Finally, geopolitical risks in the Middle East are rising, owing to the possibility of an Israeli military response to Iran’s nuclear ambitions. While the risk of armed conflict remains low, the current war of words is escalating, as is the covert war in which Israel and the US are engaged with Iran; and now Iran is lashing back with terrorist attacks against Israeli diplomats. The Islamic Republic, with its back to the wall as sanctions bite, could also react by sinking a few ships to block the Strait of Hormuz, or by unleashing its proxies in the region – the pro-Iranian Shia in Iraq, Bahrain, Kuwait, and Saudi Arabia, as well as Hezbollah in Lebanon and Hamas in Gaza.

Moreover, there are broader geopolitical tensions in the Middle East that will not ease – and that might intensify. The Arab Spring has produced a relatively favorable outcome in Tunisia, where it started, but developments in Egypt, Libya, and Yemen remain far more uncertain, while Syria is on the brink of civil war. In addition, there are substantial concerns about political stability in Bahrain and Saudi Arabia’s oil-rich Eastern Province, and potentially even in Kuwait and Jordan – all areas with substantial Shia or other restless populations.

Beyond the countries affected by the Arab Spring, rising tensions between Shia, Kurdish, and Sunni factions in Iraq since the US withdrawal do not bode well for a boost in oil production. There is also the ongoing conflict between the Israelis and the Palestinians, as well as strains between Israel and Turkey.

In other words, there are many things that could go wrong in the Middle East, any combination of which might stoke fear in markets and lead to much higher oil prices. Despite weak economic growth in advanced economies and a slowdown in many emerging markets, oil is already at around $100 per barrel. But the fear premium could push it significantly higher, with predictably negative effects on the global economy.

With so many risks in so many places, investors, not surprisingly, will eventually prize liquidity in their portfolios, while shunning riskier fixed assets again when these tail risks materialize. That is yet another reason to believe that the global economy remains far from achieving a balanced and sustainable recovery.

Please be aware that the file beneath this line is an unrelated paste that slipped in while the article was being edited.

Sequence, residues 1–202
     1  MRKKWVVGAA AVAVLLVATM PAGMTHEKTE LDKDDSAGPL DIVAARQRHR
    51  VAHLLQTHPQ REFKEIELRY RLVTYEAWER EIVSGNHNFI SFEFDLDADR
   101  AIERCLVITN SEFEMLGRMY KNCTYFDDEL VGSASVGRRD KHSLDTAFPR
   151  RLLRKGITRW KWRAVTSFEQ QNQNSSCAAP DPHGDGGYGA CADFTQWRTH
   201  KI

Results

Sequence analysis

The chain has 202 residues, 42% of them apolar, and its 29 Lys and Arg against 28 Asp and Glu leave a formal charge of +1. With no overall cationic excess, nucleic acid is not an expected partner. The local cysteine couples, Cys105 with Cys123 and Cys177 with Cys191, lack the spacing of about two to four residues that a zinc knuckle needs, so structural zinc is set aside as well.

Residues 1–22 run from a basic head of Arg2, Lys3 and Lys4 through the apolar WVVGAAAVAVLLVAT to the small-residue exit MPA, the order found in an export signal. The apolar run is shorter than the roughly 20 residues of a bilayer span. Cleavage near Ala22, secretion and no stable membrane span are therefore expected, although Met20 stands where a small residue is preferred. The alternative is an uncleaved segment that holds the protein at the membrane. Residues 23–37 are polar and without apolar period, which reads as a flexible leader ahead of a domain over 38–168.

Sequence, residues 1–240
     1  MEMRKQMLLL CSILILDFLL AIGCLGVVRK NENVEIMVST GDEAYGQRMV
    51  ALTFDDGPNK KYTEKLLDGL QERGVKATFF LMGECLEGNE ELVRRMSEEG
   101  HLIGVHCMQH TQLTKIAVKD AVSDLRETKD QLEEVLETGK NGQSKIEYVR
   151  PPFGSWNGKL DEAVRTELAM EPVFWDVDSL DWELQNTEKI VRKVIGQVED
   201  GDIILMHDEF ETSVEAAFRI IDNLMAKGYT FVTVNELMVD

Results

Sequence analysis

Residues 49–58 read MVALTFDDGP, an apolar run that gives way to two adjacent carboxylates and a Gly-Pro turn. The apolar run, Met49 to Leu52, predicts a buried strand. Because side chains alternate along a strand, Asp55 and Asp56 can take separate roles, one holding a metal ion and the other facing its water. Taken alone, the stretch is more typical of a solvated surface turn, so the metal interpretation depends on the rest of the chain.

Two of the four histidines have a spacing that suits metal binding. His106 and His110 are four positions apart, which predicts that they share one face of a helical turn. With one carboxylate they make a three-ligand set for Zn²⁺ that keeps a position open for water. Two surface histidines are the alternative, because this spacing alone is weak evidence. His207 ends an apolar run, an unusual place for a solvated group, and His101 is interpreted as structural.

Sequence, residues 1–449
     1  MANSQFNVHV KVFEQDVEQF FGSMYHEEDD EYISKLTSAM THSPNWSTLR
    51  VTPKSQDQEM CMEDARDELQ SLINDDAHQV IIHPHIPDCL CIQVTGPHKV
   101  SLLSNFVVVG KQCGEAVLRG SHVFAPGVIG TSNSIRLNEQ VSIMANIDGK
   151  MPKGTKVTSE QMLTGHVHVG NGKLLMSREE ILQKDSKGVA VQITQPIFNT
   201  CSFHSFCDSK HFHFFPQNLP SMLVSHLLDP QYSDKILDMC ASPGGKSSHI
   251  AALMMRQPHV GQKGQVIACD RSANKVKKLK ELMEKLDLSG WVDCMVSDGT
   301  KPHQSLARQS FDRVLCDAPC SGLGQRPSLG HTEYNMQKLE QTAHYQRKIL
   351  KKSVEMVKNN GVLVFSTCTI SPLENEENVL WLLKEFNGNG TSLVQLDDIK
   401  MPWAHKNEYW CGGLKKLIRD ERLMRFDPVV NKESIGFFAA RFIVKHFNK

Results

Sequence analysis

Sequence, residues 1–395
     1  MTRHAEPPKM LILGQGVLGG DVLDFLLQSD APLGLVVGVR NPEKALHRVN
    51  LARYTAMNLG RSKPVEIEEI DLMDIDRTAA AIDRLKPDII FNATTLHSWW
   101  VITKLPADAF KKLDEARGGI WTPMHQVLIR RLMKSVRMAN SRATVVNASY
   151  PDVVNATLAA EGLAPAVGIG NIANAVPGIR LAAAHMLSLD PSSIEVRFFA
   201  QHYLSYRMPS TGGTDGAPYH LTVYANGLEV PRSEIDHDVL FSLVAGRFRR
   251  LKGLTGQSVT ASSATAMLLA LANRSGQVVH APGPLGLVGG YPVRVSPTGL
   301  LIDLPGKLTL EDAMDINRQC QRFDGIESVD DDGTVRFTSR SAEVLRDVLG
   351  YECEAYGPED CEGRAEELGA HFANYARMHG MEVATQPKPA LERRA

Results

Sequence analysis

Read more from our "The Roubini Factor" Focal Point.

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  1. CommentedJonathan Lam

    Gamesmsith94134: Free-Trade Blinders
    Njweatherdon,

    “The experiment is based on somewhat of a false premise, because it speaks to an American audience where the lower class is currently the one facing the most challenges from free trade.”

    Since I do not have the figures to knick around, and I would explain Dani Rodrik’s experiment for its natural scientific reasoning like ones I wrote above my paradigm on the wealth circuitry in economical and social growth that supports and balances both accumulated wealth and consumable wealth; and it created a “Z” shaped financial development running both on the diminishing demand and diminishing return; which is based on the assumption, the route above the standard of living equal in length with the one below the standard of living is in agreement of its living standard to sustain a viable growth; and Societal changes due to the democracy on globalization. In assimilation, the shift of wealth circuitry make the redistribution of wealth from the developed nations, like US, EU, to the emerging market nations like China, India or Brazil. It would show how the wealth circuitry globally settling the living standard inequality to balance itself through the diminishing return as in welfare states or communistic position, and the diminishing demand as in capitalistic position when each maximized it top or bottom setting to its extreme. Since the ladder of growth with those defined the value and price expanded and extended its living standards in either ways, it develops a newer term of demand or supply to shift the advancement of living standard after inflation or deflation.